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Dr. Robert O’Brien is an internationally recognized Principal Nuclear Scientist/Engineer who has focused his career on the development of advanced materials and energy systems in addition to the manufacturing processes to produce materials for harsh environments Dr. O’Brien received a PhD in the nuclear engineering and physics of radioisotope and nuclear power / propulsion systems for space exploration from the University of Leicester in the United Kingdom. Under his PhD research project, Dr. O’Brien proposed the use of americium-based radioisotope thermoelectric generators (RTGs) and developed Spark Plasma Sintering (SPS) Electric Field Assisted Sintering Techniques (EFAST) for the encapsulation of nuclear materials for both RTGs and nuclear reactor fuels. Dr. O’Brien also received a Masters degree in Physics with Space Science and technology from the University of Leicester. Dr. O’Brien’s research and programmatic management experience in advanced manufacturing of harsh environment materials, space systems and instrumentation design/development, defense systems, nuclear fuel performance, nuclear instrumentation, nuclear safety, irradiation testing, radioisotope source design, and nuclear power system design and development.
Dr. O’Brien currently serves as the Director of Advanced Manufacturing for the Department of Energy’s Idaho National Laboratory (INL). Under this role, Dr O’Brien’s leadership extends across all of the Directorates of the laboratory; Energy & Environment Science & Technology, Nuclear Science & Technology, National & Homeland Security, Materials & Fuels Complex, Advanced Test Reactor, and Industry Engagement.
Charles Macal applies computational modeling and simulation tools to complex systems to solve problems in a variety of fields, including energy and national security.
He is the chief scientist for the Argonne Resilient Infrastructure Initiative, and is a principal investigator for the development of the widely used Repast agent-based modeling toolkit.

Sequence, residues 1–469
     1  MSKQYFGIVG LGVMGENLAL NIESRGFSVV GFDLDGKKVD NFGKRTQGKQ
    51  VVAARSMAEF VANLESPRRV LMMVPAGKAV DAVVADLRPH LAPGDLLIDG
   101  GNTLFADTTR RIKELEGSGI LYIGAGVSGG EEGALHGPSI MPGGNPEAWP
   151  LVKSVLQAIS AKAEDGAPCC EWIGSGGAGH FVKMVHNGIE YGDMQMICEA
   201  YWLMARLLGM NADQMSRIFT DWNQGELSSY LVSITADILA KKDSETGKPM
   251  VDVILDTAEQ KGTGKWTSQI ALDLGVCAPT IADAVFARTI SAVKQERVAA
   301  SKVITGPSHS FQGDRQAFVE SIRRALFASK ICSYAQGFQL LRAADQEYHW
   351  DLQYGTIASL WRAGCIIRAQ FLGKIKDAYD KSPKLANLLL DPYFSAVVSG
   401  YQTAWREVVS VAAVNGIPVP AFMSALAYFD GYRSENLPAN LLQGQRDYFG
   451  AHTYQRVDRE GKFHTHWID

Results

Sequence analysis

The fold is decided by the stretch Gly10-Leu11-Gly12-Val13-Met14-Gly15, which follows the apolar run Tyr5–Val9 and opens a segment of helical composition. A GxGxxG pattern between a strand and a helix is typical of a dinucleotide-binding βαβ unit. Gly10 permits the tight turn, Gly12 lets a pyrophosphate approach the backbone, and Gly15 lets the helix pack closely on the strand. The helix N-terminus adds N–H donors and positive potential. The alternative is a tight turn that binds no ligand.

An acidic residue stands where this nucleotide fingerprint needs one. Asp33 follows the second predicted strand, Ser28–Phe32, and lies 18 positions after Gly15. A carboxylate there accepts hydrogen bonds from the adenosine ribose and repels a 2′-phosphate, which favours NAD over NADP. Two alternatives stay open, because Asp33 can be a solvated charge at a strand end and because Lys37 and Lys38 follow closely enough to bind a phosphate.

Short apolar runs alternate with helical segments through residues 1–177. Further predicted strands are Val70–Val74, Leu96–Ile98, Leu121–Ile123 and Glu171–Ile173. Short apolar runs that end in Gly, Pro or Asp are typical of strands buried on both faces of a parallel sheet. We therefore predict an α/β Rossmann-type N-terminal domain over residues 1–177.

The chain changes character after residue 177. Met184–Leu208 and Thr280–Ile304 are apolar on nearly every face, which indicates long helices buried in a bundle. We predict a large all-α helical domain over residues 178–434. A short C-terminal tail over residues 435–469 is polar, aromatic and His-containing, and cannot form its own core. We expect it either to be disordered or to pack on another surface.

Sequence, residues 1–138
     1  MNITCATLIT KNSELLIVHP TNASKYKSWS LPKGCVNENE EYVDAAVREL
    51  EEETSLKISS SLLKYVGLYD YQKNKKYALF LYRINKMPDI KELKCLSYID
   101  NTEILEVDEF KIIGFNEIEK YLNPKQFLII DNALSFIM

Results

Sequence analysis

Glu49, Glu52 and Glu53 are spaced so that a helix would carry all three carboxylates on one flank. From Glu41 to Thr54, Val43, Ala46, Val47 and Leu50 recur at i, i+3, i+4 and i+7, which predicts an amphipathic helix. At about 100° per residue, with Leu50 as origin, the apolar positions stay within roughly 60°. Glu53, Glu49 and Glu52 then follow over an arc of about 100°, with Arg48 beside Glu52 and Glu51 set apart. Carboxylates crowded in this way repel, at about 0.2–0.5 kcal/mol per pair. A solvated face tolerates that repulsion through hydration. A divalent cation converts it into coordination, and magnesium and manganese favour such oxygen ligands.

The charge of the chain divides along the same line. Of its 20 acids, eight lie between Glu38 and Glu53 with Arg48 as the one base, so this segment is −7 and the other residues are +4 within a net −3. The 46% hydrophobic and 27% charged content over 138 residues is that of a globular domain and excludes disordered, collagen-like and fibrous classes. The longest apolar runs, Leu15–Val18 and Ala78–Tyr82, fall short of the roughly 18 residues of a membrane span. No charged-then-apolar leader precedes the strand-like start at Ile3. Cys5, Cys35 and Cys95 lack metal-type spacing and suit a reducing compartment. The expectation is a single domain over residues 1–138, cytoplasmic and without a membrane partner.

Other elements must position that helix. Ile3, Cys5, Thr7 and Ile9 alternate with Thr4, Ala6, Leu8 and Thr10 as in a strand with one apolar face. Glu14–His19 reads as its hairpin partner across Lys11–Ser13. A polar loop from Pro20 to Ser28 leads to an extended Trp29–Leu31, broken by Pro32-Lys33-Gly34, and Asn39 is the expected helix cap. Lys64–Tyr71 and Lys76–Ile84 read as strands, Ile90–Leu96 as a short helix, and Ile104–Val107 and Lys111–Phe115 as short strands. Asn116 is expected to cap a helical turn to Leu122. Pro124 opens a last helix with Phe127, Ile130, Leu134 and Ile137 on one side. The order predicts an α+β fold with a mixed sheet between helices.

He has Appointments at the University of Chicago Computation Institute and the Northwestern-Argonne Institute for Science and Engineering. He is adjunct professor at the University of Chicago, where he teaches a course on Complex Adaptive Systems for Threat Management and Emergency Preparedness.
He is a registered professional engineer in the State of Illinois and holds software copyrights for two systems: ELIST (Enhanced Logistics Intra-theater Support Tool) and EMCAS (Electricity Market Complex Adaptive System).
- B.S. Purdue University, 1974
- M.S., Purdue University, 1975
- Ph.D., Northwestern University, 1989
Awards, Honors and Memberships
- Association for Computing Machinery, Transactions on Modeling and Computer Simulation, Area Editor for Agent-based Modeling
- Society for Computer Simulation International, Simulation Journal, Associate Editor
Rick Stevens is Argonne’s Associate Laboratory Director for Computing, Environment and Life Sciences.
Stevens has been at Argonne since 1982, and has served as director of the Mathematics and Computer Science Division and also as Acting Associate Laboratory Director for Physical, Biological and Computing Sciences. He is currently leader of Argonne’s Exascale Computing Initiative, and a Professor of Computer Science at the University of Chicago Physical Sciences Collegiate Division. From 2000-2004, Stevens served as Director of the National Science Foundation’s TeraGrid Project and from 1997-2001 as Chief Architect for the National Computational Science Alliance.
Stevens is interested in the development of innovative tools and techniques that enable computational scientists to solve important large-scale problems effectively on advanced scientific computers. Specifically, his research focuses on three principal areas: advanced collaboration and visualization environments, high-performance computer architectures (including Grids) and computational problems in the life sciences. In addition to his research work, Stevens teaches courses on computer architecture, collaboration technology, virtual reality, parallel computing and computational science.
Tim Klett is a Cyber Security Analyst within the Infrastructure Assurance and Analysis Division at the Idaho National Laboratory (INL). He has over 20 years of experience in working with information technology solutions for both the Department of Energy (DOE) and the Department of Homeland Security (DHS). His current work includes overseeing the design, development, and security of several mission-critical systems utilized by DHS. Tim's current research areas include critical infrastructure dependencies and interdependencies and cyber/physical impacts. Tim is currently pursuing a PhD in Computer Science from the University of Idaho, earned his M.S. degree in Computer Science from the Illinois Institute of Technology in 2004, and is a Certified Information Systems Security Professional (CISSP).